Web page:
The Life Aquatic With Steve Zissou

From the desk of The Movie Snob:

The Life Aquatic With Steve Zissou (C+). This is a very odd comedy from the same creative folks behind Rushmore and The Royal Tenenbaums. And I’ll say up front that I really disliked Tenenbaums. But I decided to give The Life Aquatic a chance for a couple of reasons: (1) the previews made it look like a kinder, gentler movie than its immediate predecessor, and (2) I’ve always had a soft spot in my heart for Jacques Cousteau, the obvious inspiration for the character of Steve Zissou (Bill Murray). At the beginning, the movie sets up two tidy little plots with a lot of comic potential: (1) Zissou has decided to embark on an Ahab-like quest to kill the mysterious beast, a “jaguar shark,” that ate his best friend, and (2) Zissou meets his adult son Ned (Owen Wilson) for the first time and impulsively invites him to join his crew aboard the Belafonte. So I was expecting the movie to be one part action flick, one part father-son-bonding flick. And I guess it sort of was, but after the set-up the plot just kind of wanders around from one tangent to another, leaving the two main threads dangling for so long that you begin wonder if the movie will ever find its way back. Anyhoo, it’s not a bad movie if you don’t mind the lack of narrative momentum. There are some decent laughs, and the movie boasts a good cast including Angelica Huston, Cate Blanchett, Jeff Goldblum, and Willem Dafoe.

A Series of Unfortunate Events

A new review from Movie Man Mike:

A Series of Unfortunate Events. (B-) To begin with, the most unfortunate event was that I went to see this movie at the theater. It will be more enjoyable if you don’t pay full price for it. J.K. Rowling has nothing to fear from this little upstart of a film series. The cast of this movie was promising, with Jim Carrey, Meryl Streep, Jude Law, Dustin Hoffman, and an actor who looks suspiciously like John Cleese, but who is not credited as John Cleese. With the exception of Jude Law, who narrates, each of these actors plays intriguing and humorous characters. The story seemed to drag a little, which was surprising since it appears that the producers tried to fit 3 of the books into one movie. One thing missing from this film were some of the laughs. Most of the humor was mildly amusing. This movie might appeal more to children, but I personally would not recommend it for children because it’s a little dark given that it begins with the children learning that their parents were killed in a horrible fire. The rest of the film involves attempts to place the children with various relatives and the scheming of one relative, Count Olaf, to acquire the children’s inheritance even if it involves the killing of other relatives. The whole time I kept worrying about the impact of this film on my impressionable nieces and nephews. Leave the kids at home, and if you rent it, watch it after the kids have gone to bed.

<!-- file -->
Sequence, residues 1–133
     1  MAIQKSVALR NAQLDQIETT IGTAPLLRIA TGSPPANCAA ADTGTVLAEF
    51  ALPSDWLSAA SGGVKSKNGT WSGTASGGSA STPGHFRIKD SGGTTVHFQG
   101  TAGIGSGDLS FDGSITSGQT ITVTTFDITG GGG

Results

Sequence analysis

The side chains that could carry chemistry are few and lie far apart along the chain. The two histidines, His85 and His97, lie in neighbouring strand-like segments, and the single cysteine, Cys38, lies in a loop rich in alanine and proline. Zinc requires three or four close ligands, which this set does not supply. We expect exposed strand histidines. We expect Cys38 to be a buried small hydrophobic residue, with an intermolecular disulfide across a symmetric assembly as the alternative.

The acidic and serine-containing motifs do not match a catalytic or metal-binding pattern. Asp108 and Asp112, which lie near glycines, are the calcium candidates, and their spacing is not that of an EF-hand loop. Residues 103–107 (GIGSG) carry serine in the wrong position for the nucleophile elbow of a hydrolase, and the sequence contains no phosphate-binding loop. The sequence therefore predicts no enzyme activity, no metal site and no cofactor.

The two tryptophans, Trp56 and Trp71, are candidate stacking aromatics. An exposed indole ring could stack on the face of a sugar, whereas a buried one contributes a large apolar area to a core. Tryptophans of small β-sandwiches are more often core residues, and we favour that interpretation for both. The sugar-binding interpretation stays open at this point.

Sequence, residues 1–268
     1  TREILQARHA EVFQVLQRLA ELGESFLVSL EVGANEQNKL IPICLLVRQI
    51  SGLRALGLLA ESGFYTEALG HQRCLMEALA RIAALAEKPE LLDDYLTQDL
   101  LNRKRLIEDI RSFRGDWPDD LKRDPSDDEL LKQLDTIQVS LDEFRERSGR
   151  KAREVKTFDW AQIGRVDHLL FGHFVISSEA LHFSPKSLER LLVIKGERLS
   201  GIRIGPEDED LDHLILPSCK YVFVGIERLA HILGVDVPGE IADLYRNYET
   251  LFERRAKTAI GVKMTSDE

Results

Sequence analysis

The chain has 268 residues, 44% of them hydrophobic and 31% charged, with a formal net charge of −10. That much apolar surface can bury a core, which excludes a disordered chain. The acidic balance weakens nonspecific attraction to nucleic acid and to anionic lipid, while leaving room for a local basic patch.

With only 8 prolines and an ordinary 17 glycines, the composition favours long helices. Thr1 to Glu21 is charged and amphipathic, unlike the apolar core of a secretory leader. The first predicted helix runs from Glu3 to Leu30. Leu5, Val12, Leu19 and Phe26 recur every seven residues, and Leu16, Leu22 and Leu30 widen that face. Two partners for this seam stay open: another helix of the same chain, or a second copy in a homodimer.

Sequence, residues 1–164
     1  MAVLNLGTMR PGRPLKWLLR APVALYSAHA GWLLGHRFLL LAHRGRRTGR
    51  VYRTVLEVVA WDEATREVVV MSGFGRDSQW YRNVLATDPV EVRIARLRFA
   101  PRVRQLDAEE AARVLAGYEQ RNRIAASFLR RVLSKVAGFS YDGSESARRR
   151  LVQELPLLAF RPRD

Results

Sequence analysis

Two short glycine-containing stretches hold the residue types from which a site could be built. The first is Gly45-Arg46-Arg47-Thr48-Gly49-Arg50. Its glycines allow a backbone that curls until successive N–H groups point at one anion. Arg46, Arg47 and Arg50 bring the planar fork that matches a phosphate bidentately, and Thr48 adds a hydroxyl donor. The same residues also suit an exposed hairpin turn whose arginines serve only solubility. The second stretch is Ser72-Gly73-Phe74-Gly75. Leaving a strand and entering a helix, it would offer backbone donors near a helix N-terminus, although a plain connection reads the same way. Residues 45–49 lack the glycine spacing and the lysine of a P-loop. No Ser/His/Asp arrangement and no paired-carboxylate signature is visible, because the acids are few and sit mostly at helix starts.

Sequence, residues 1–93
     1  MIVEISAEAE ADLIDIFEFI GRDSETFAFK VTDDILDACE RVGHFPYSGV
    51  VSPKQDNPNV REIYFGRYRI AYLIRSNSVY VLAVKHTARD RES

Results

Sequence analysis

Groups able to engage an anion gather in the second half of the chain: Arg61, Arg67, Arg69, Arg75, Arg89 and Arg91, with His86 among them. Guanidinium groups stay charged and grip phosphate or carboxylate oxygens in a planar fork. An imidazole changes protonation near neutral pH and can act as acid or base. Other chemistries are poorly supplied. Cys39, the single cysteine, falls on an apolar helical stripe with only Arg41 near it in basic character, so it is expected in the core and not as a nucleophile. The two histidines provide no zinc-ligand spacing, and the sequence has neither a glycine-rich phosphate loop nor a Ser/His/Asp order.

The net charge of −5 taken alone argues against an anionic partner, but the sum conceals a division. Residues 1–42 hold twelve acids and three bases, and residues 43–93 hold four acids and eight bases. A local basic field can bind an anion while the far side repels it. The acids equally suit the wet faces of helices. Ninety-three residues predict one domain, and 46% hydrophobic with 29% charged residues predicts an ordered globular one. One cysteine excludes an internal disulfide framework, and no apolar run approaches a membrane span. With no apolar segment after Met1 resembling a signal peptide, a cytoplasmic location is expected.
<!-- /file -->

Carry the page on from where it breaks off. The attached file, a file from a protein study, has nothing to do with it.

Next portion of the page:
From The Movie Snob:

Spanglish (B). I saw this, the latest film from writer-director-producer James L. Brooks (As Good As It Gets, Broadcast News) with my parents and sister on Christmas Day, and everybody liked it. Spanish actress Paz Vega (think an attractive version of Penelope Cruz) plays Flor Moreno, a young Mexican woman who decides to relocate from Mexico to Los Angeles with her young daughter, Christina, after her husband walks out on them. After living and working solely within L.A.’s Hispanic community for six years (never learning English), Flor decides that she needs to make more money and becomes a housekeeper for a wealthy Anglo family, the Claskys. This all happens in fairly short order, and the rest of the movie is about the culture shock that both families experience as a result of the change. Tea Leoni delivers a stand-out performance as the unhappy woman of the house, Deborah Clasky. She was downsized out of her job not too long ago, and she is a miserable homemaker. Not surprisingly, she is making her whole family miserable as well. Adam Sandler is less convincing as the man of the house, a four-star chef who is really too nice and too good-hearted to be true. But the friendship that blossoms between him and the similarly down-to-earth Flor (rimshot) is certainly believable. Personally, I liked Spanglish much better than Brooks’s As Good As It Gets, but probably not as much as Broadcast News. My mom liked it much more than I did, my sister not as much. See it, and see whom you agree with.

Flight of the Phoenix (2004)